Pacific Palisades Bowl Mobile Estates, LLC v. City of Los Angeles - filed August 31, 2010, Second District, Div. Four
Cite as 2010 S.O.S. 5152

Mortgage Loans
Plaintiffs who sued commercial mortgage lender for fraudulent misrepresentation could not rely on lender's knowingly false determination that they qualified for the loans as a determination by the lender that they could afford the loans.
Perlas v. GMAC Mortgage, LLC - filed August 11, 2010, First District, Div. Five
Cite as A125212

Property Management
Rules of a large regional shopping mall that prohibited peaceful, consensual, spontaneous conversations between strangers in common areas of the mall about topics not related to the activities of the mall, its tenants, or the noncommercial sponsored activities of the mall or its tenants were content-based rules that did not withstand a strict scrutiny analysis, and were unconstitutional on their face under state constitutional provision guaranteeing the right to free speech; even if rules were content-neutral, they would similarly fail intermediate scrutiny. Rules were also overbroad and vague, and trial court erred in finding that they were reasonable time, place and manner restrictions that were content-neutral, and in granting summary judgment on that basis.
Snatchko v. Westfield LLC - filed August 11, 2010, Third District
Cite as C059985

Real Property Taxation
Where commercial real property was owned by a trust, transfer of income beneficiary’s interest to his children upon his death constituted a change in ownership under Revenue and Taxation Code Sec. 60, entitling the assessor to reassess the property.
Phelps v. Orange County Assessment Appeals Board No. 1 - filed August 16, 2010, Fourth District, Div. Three
Cite as 2010 S.O.S. 4844

Real Property Taxation
In hearing an appeal from an assessment of a newly built, owner-occupied, single-family residence, appeals board violated Revenue and Taxation Code Sec. 167(a) by placing burden of proof on homeowner, rather than granting homeowner the benefit of a rebuttable presumption.
Farr v. County of Nevada - filed August 17, 2010, Third District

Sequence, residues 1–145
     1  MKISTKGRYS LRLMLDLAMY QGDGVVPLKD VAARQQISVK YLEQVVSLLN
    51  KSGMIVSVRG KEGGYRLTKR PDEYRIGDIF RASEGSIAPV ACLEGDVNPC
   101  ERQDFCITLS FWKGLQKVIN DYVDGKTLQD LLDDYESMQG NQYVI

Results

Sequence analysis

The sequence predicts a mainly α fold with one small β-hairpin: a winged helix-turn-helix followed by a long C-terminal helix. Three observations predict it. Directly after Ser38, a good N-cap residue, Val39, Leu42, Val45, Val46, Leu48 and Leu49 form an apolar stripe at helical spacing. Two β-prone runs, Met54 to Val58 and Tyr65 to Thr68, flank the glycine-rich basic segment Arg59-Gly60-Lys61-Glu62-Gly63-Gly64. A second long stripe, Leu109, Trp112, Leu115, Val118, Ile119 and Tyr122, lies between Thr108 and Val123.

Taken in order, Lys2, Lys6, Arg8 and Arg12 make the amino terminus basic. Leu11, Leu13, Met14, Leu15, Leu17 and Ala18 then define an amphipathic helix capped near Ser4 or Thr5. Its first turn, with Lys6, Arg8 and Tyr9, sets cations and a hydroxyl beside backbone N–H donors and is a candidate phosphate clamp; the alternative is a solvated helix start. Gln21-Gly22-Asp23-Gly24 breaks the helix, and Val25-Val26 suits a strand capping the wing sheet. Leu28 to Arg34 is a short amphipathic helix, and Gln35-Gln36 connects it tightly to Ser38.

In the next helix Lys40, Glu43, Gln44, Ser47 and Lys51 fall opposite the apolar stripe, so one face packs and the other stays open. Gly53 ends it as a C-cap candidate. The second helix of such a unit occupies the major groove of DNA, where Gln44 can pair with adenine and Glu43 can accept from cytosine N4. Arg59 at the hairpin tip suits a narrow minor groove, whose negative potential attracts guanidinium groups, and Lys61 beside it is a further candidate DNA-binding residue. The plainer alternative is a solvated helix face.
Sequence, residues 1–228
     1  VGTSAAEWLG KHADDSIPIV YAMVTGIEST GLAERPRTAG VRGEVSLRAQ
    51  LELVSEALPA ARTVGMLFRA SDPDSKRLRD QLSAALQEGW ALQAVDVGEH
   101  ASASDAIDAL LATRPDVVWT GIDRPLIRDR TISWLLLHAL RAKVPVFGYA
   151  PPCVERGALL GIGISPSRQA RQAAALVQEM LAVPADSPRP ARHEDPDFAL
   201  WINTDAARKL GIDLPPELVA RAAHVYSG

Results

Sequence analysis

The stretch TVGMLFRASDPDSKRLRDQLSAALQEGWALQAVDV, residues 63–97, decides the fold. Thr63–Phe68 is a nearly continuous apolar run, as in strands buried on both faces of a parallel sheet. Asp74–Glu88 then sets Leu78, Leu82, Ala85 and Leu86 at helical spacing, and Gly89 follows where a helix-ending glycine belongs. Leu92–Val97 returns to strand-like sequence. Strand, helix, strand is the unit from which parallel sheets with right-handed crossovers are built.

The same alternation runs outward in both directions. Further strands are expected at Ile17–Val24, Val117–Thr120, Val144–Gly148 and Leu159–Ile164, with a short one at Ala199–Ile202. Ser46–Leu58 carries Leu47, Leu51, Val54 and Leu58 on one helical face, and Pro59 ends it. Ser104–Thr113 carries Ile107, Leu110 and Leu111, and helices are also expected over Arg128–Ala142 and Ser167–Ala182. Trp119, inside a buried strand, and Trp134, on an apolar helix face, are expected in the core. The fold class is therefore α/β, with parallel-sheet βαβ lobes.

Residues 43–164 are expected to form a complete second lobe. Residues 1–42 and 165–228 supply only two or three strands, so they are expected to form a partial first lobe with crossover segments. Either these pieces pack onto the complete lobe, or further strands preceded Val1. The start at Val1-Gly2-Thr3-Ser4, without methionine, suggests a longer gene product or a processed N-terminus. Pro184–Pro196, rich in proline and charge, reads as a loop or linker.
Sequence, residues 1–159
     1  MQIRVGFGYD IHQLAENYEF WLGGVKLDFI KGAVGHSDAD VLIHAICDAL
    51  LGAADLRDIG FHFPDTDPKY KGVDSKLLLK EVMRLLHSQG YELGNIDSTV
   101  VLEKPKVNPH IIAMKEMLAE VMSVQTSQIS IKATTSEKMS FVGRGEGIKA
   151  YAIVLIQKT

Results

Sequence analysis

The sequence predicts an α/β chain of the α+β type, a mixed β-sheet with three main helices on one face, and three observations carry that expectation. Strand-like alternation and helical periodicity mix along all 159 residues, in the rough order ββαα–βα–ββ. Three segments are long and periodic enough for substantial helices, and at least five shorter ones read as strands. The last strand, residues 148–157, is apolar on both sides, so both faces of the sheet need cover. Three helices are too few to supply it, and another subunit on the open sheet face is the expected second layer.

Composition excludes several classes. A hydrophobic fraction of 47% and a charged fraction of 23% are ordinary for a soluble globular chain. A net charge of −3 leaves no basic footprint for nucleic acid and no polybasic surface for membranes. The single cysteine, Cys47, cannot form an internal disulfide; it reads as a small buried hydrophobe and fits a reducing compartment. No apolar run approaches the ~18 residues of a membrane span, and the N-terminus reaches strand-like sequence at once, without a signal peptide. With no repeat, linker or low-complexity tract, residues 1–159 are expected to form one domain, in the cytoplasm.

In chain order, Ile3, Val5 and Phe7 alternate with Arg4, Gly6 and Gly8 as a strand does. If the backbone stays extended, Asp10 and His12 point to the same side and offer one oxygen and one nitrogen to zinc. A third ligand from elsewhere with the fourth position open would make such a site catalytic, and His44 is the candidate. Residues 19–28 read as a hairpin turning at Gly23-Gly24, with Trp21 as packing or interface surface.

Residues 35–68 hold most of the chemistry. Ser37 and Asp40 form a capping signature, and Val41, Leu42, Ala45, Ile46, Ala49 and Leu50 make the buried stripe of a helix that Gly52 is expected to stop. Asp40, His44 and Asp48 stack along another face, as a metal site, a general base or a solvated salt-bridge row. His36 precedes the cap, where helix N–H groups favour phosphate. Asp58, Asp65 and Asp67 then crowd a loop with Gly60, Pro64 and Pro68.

Cite as C061848

Title Insurance
Plaintiff, an investor in distressed real estate who allegedly relied on title company’s erroneous representations in deciding to bid on a particular parcel and sold at a loss as a result, could not state a cause of action against the company in the absence of a policy of title insurance or the purchase of an abstract of title.
Soifer v. Chicago Title Company - filed August 10, 2010, Second District, Div. Three
Cite as 2010 S.O.S. 4683

Title Insurance/Modification
Soifer v. Chicago Title Company - filed August 13, 2010, Second District, Div. Three
Cite as 2010 S.O.S. 4843


Reader Reactions
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Los Angeles County Bar Association
2010 Real Property Section Newsletter
Daniel L. Goodkin, Editor, Real Property Section Review
Norman A. Chernin, Editor, Real Property Section Newsletter

Pamela L. Westhoff

First Vice Chair
Gregg J. Loubier

Second Vice Chair
Theresa C. Tate

Treasurer/Crocker Chair
Sarah V. J. Spyksma

Norman A. Chernin

Immediate Past Chair
Michael S. Klein

Section Administrator
Terrina Scott


Eric Altoon
Nedra E. Austin
Babak B. Baradaran
Susan J. Booth
Claire Hervey Collins
Caroline Dreyfus
Brant Dveirin
Robert T. Flick
Daniel L. Goodkin
Marcia Z. Gordon

Linda S. Koffman
Trudi J. Lesser
Peter J. Niemiec
Robert C. Pearman
Leslie D. Reed
D. Eric Remensperger
Michael G. Smooke
Linda E. Spiegel
Andrew J. Yamamoto

Commercial Development and Leasing, Nadav Ravid
Construction Law, Richard Mah
Land Use Planning and Environmental Law, Laurence L. Hummer
Real Estate Finance, Owen P. Gross
General Real Estate Law, Brian R. Hochleutner
Title Insurance, Vanessa A. Widener

Readers are advised that changes in the law may affect the accuracy of this publication or the functionality of links after the publication date.